These bars are primarily used in roof construction, stair formations, and floor slabs.
Sheet metal base plates also have standard 1/6-inch holes punched at regular distances.
A favorite alternative to carbon steel bars, this is a viable choice if you want the reliability of carbon steel while enjoying the corrosion-resistance feature of stainless steel.
It’s not as low-priced as carbon steel; stainless steel costs almost eight times more.
This is the best option for projects related to roads, bridges, piers, and other structures that handle immense weight.
Suitable for structures that need an excellent foundation, these sheathings are up to forty times more resistant to corrosion than carbon steel.
True to its undeniable strength, galvanized sheathing is also pegged as the most expensive among the kinds of steel plate because it is alloy steel dipped in a zinc solution to help battle corrosion.
Glass Fiber Reinforced Polymer (GFRP)
GFRP is your best choice when your project has exposed structure and is in contact with water.
The promise of this material is that corrosion will never be an issue, and it has a far better tensile strength despite being 75% lighter than steel plates.
#3. Rebar Grade
Consider tensile strength and the yield strength as the maximum and minimum stress capability of a steel plate grade.
Tensile strength refers to the maximum limit of stress your material can handle before it breaks.
Yield strength is the minimum stress that it can be subjected to before deformation.
ASTM sets the rebar grades, and the standard grades are 40, 60, 75, 80, and 100.
This indicates the level of yield of a particular sheathing.
For example, if the base plate has a grade of 40, then its minimum yield strength is 40 KSI, which is equivalent to 40,000 PSI.
Example of Using the Rebar Chart
For this example, “W” represents the manufacturer of the rebar.
The following marking is “10,” which is indicative of the bar size.
If you refer to the rebar size table below or download a rebar sizes chart pdf, you’ll know that the base plate size is #3 with the following dimensions and pounds per foot rating:
The table below can give you a better way to read diameter sizes in the base plate to ensure that you have the right size for whatever you are working on.
“S” stands for carbon steel as the primary material of the bar, and the grade “60” means that the base plate has a minimum yield strength of 60 KSI, which is equivalent to 60,000 PSI.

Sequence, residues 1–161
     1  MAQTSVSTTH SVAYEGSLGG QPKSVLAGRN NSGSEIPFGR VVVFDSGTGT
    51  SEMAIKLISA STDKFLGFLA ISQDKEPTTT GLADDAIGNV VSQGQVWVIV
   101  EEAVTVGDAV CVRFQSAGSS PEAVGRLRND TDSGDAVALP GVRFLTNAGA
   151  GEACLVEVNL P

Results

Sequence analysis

Rebar Size Chart, Rebar weight chart, Rebar Diameter Chart – American rebar sizes
Mass per unit length
Metric Rebar Sizes
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(Video) Rebar sizes chart
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Rebar Size Chart, Rebar Weight Chart, Rebar Diameter Chart – Canada Rebar Sizes
Metric Bar Size
Mass per unit length (kg/m)
Nominal diameter (mm)
Cross-Sectional Area (mm2)
Low Carbon Chromium
Rebar Grade Chart
Maximum Yield Strength
(Video) How to read rebar
A DIY Project Using Rebar
Working with rebar is manageable, especially if you have the right tools and readily available materials.
You can even try a DIY project at home with rebar as the main module.
If you have a garden, you can try building a charming archway with rebar.
This arch can be the stairway for vines, and eventually, you’ll have it filled with crawling greens that you won’t see any signs of rebar.
Create your own not-so-secret garden with this rebar project.
The materials you need for this project are:
- Cable ties
- 18-gauge copper wire
- 1 ½-inch by 10-feet rebar for the stakes
- 2 ½-inch by 20-feet rebar for the arches
- 2 3/8-inch by 20-feet rebar for the circles
- Plastic garage door stop molding or another stiff but 100% bendable material
These are the tools you’ll need:
- Chalk bottle
- Conduit bender
- Rubber mallet
- Tape measure
Here are the steps to create this no-welding metal garden arch trellis:
#1. Create the swooping yet delicate arch using the ½-inch rebar and make a simple bending leap on the ground.
Cut the 10-feet rebar into ten 10-inches stakes and saw about 2/3 of the rebar using a hacksaw before snapping off the stake.
#2. Drive one rebar stake into the ground and tie a 3-feet string to it.
Pull the line taut to create a compass—this will be your guide to create that perfect 3-ft radius arch and mark it with chalk.
#3. Have the other nine stakes settled evenly—about 5-inches deep to the ground—to create the semicircle using the chalk outline as a guide. Mark the middle stake with a string.
#4. It’s time to bend the rebar into a semicircle shape.